A gauge theory has internal degrees of freedom that do not affect the foretold physical outcomes of the theory. The theory has a Lie group of *continuous symmetries* of these internal degrees of freedom, *i.e.* the predicted physics under any transformation in this group on the degrees of freedom. Examples include the $U(1)$-symmetric quantum electrodynamics and other Yang-Mills theories wherein non-Abelian groups replace the $U(1)$ gauge group of QED.

Gauge theories are divided into two categories. A local gauge theory has internal degrees of freedom that do not affect the foretold physical outcomes of the theory. The theory has a Lie group of continuous symmetries of these internal degrees of freedom, i.e. the predicted physics under any transformation in this group on the degrees of freedom. Examples include the $U(1)$-symmetric quantum electrodynamics and other Yang-Mills theories wherein non-Abelian groups replace the $U(1)$ gauge group of QED.

There are also gauge theories with a globally non-trivial structure that allow for physical dependence on the "gauge". The Aharanov Bohm and Berry Phase are famous examples of such Large Gauge Theories.

The gauge groups of such theories are proposed to model experimentally observed symmetries of the described physical processes. These symmetries can include observed conserved quantities in experiments. The requirement to have a certain gauge group to explain observed symmetries guides the theorist towards possible theoretical descriptions: e.g. to a Lagrangian invariant with respect to transformations belonging to the gauge group. The gauge group of the Standard Model is $SU(3)\times SU(2) \times U(1)$, where $SU(3)$ is the gauge group of quantum chromodynamics and $SU(2) \times U(1)$ the gauge group of the electroweak force.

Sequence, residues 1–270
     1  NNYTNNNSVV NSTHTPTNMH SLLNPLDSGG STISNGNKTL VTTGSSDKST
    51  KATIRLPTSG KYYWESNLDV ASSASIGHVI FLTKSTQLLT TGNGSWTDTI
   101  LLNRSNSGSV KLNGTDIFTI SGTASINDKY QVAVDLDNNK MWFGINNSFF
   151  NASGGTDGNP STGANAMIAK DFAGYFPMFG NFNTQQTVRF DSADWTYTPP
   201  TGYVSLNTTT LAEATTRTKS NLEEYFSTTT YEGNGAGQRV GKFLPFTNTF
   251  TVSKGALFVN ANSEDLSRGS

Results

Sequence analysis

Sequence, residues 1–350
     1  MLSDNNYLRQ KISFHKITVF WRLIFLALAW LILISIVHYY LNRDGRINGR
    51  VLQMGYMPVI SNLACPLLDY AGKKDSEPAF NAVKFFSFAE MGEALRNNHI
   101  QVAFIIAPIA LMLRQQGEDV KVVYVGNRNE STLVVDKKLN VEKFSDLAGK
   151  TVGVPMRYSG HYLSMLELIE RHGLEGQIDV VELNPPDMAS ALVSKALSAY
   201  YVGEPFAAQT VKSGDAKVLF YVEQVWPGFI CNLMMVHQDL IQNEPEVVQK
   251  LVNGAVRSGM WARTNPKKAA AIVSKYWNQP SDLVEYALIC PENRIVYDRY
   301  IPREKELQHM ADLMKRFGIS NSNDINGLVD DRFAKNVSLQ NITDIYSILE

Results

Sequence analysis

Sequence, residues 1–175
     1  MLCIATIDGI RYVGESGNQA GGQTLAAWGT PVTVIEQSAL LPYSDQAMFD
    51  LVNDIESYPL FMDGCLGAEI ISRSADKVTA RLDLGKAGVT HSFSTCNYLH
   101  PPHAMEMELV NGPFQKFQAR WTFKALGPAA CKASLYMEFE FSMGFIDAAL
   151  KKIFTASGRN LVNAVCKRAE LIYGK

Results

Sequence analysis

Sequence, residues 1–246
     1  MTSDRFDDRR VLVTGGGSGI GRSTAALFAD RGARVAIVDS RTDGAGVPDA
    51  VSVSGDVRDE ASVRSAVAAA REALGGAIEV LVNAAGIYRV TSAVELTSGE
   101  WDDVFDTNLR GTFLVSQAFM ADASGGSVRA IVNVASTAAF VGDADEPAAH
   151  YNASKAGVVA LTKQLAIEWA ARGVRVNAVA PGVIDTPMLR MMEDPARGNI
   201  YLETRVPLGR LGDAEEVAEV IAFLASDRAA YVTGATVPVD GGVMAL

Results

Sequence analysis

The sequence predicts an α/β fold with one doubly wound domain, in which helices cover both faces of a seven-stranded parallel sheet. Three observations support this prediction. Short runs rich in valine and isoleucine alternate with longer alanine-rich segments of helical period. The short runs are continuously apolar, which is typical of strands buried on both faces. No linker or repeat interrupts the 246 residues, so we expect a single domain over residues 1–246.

Mathematically, a gauge theory is a fiber bundle with the observable physical model as the bundle's base space and the structure group as the group of gauge symmetries. A lot of times these fiber bundles can be trivializable, allowing for a global section that enables a local description, but over 4 manifolds, even simply connected Lie Groups can be shown to always have a non-trivial description via obstruction theory. In a trivial fiber bundle, the fibers represent the "unphysical" (unobservable) degrees of freedom.